Film Review: Stephen Merchant's "Fighting with My Family" is like the WWE - But In A Good Way
I haven’t followed the WWE for about ten years now. Watching it as a kid, the larger-than-life personalities, the garish spandex, the soap opera stories, and the feats of daring and dangerous athleticism were all obviously immensely appealing.
But the behind-the-scenes teamwork required to artfully meld these ill-fitting bits of bread-and-circus spectacle to produce something compelling on a weekly basis remains a fascinating alchemy to me; on the most fundamental level, if two opponents in the ring aren’t working in perfect synergy the stunts will often go horrifically wrong.
Fighting with My Family follows the early career of the youngest ever WWE Diva Champion, Saraya-Jade Bevis aka Paige (Florence Pugh, indomitable, formidable – all of the ‘bles) who’s the youngest in a tight-knit clan of working-class English wrestlers. Fighting with My Family does a remarkably efficient job of establishing the quirks and foibles of this lovable family of oddball wrestlers, and Nick Frost and Lena Heady are great in their roles as the mother and the father, as is Jack Lowden as Zac, her older brother.
You’re utterly invested when Paige is chosen to be part of the big time WWE and Zac sadly doesn’t make the cut. Although this is mainly Paige’s story, there’s a parallel narrative that runs throughout the film: the burden of being chosen and the burden of not being chosen. Her goth-y fashion sense and sardonic English wit initially make her stand out embarrassingly in the homogenous sea of blonde-haired blue-eyed model wrestlers who entirely lack a sense of irony. And Zac coming to terms with who he is if the dream he’s worked for his whole life doesn’t come to pass adds an original wrinkle to this familiar rags-to-riches narrative.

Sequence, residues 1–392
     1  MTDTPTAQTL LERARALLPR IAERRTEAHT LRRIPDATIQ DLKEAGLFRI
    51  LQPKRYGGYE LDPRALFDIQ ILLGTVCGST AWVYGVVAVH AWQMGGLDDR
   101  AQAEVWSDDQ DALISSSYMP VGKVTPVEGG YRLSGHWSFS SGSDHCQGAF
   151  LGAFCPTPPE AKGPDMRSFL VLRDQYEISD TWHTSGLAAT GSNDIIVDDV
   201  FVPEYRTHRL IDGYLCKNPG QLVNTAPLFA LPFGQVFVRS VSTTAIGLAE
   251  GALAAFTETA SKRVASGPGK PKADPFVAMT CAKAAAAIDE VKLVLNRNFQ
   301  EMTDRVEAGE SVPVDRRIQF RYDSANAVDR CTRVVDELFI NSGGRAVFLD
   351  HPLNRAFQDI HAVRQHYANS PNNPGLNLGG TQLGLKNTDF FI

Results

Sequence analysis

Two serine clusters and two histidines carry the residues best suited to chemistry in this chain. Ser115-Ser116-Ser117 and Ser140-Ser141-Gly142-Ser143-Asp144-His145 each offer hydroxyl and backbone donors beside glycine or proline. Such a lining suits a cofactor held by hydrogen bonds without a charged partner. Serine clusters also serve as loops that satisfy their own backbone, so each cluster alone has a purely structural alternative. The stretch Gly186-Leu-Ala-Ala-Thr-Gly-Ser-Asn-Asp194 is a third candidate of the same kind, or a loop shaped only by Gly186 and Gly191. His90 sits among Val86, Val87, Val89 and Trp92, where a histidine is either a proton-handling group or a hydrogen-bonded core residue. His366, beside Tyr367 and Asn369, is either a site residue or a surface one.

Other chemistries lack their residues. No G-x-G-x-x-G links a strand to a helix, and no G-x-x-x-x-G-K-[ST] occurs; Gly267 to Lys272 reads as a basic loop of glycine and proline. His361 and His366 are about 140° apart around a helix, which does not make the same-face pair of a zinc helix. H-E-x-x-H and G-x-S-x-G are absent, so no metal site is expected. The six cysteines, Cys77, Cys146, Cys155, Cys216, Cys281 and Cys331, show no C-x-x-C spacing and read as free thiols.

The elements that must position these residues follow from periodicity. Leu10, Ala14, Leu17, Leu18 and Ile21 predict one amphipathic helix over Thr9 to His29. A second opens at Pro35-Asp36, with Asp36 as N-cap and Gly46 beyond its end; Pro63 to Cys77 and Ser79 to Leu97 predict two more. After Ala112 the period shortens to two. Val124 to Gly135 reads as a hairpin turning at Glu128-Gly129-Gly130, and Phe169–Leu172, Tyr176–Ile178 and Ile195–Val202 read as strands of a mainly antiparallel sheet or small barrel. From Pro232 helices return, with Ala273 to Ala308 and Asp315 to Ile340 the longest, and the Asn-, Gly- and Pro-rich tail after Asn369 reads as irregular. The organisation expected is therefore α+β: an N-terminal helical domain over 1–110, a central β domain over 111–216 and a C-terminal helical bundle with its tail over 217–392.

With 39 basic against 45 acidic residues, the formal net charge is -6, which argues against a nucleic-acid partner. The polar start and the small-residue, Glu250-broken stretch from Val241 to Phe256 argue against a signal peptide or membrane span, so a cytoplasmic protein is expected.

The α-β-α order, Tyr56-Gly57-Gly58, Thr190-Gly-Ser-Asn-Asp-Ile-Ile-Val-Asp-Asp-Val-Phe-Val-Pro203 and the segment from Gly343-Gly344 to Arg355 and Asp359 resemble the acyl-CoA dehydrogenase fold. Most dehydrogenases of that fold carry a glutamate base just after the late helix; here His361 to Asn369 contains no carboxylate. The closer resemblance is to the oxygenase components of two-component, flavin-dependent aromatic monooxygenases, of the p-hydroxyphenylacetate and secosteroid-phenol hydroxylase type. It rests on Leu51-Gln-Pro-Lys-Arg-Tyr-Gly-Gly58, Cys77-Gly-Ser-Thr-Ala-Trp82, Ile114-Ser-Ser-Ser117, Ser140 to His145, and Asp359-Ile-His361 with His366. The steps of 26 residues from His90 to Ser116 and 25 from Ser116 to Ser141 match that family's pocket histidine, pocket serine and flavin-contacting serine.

In true WWE style, Fighting with My Family is a successful amalgamation of different genres and affections. It’s a rousing biopic, a sports/teen comedy, a sanitized advertisement for the WWE as this splendid dream factory where only the special ones can make it (and this is where Vince Vaughn portraying a tough guy talent scout shines). There are big and scary corporate masters to be served here, and that means a safe and conventional movie. If you’re going into this expecting anything approximating the gritty dirge of The Wrestler, then readjust those lofty expectations.
However, writer/director Stephen Merchant never loses site of what matters – which is the coming-of-age theme. And he blends the fish-out-of-water humour and the triumphant moments to undeniably entertaining effect. It’s a breezy watch with big laughs and an even bigger heart.